Hito Steyerl. HOW NOT TO BE SEEN A Fucking Didactic Educational .Mov File. 2013. Video (color, sound). Video (color, sound), 14 min. Committee on Media and Performance Art Funds. © 2014 Hito Steyerl
  • The Museum of Modern Art, Floor 2, Exhibition Galleries

Cut to Swipe, comprised primarily of recent acquisitions by the Department of Media and Performance Art, features works that appropriate and manipulate images and sound drawn from electronic media like television, cinema, the recording industry, and the Internet. Ranging from Dara Birnbaum’s landmark installation PM Magazine (1982) to recent works by Kevin Beasley, Ken Okiishi, Luther Price, James Richards, Hito Steyerl, and The Otolith Group in collaboration with Chris Marker, the exhibition highlights a range of responses to the quickly changing nature of images, and their proliferation through new imaging and distribution technologies. Carving out a space for personal and political reflection within pervasive streams of information, the works in the exhibition demonstrate the shift from analog to digital concerns, as artists grapple with defining new forms of materiality, and new critical approaches in a radically more virtual world.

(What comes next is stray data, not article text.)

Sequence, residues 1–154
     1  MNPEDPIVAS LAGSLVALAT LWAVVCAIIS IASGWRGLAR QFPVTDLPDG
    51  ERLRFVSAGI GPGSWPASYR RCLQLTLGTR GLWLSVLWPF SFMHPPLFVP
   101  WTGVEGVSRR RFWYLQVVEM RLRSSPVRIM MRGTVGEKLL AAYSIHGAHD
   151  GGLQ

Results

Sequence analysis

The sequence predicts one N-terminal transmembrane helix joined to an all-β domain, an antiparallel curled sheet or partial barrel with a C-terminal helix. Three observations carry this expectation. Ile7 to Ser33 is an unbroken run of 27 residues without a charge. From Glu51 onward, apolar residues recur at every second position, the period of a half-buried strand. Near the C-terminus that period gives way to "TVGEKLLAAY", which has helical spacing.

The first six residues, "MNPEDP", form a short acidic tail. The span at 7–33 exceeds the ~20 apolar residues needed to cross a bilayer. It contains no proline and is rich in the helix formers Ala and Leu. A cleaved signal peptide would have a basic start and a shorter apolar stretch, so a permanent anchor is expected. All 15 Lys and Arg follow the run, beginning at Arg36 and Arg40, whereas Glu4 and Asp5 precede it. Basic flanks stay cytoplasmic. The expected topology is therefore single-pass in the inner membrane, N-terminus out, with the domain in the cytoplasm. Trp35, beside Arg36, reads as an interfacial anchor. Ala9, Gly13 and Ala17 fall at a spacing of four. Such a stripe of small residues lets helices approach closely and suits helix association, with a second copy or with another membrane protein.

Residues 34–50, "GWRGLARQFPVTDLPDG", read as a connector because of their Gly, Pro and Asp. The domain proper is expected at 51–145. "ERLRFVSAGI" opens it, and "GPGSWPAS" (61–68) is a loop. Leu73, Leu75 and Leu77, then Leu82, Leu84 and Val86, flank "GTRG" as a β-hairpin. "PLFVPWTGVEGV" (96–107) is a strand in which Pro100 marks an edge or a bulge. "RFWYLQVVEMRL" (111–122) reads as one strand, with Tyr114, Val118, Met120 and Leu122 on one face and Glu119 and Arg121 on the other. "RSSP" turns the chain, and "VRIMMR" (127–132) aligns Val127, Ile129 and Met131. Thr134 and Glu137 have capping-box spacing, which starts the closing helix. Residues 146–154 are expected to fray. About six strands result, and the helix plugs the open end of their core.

Cut to Swipe traces key works, produced since the early 1980s, which have pioneered innovative ways of rearticulating the moving image and appropriated cultural forms within the gallery. If the cut signifies collage and montage, foundational artistic strategies of the 20th century, the swipe suggests a 21st-century condition in which images have moved off the screen, dispersed at the flick of a finger into almost every corner of daily life.

Organized by Stuart Comer, Chief Curator, with Erica Papernik, Assistant Curator, and Leora Morinis, Curatorial Assistant, Department of Media and Performance Art.

The exhibition is supported by the MoMA Annual Exhibition Fund.

MoMA collaborated with Google Arts & Culture Lab on a project using machine learning to identify artworks in installation photos.

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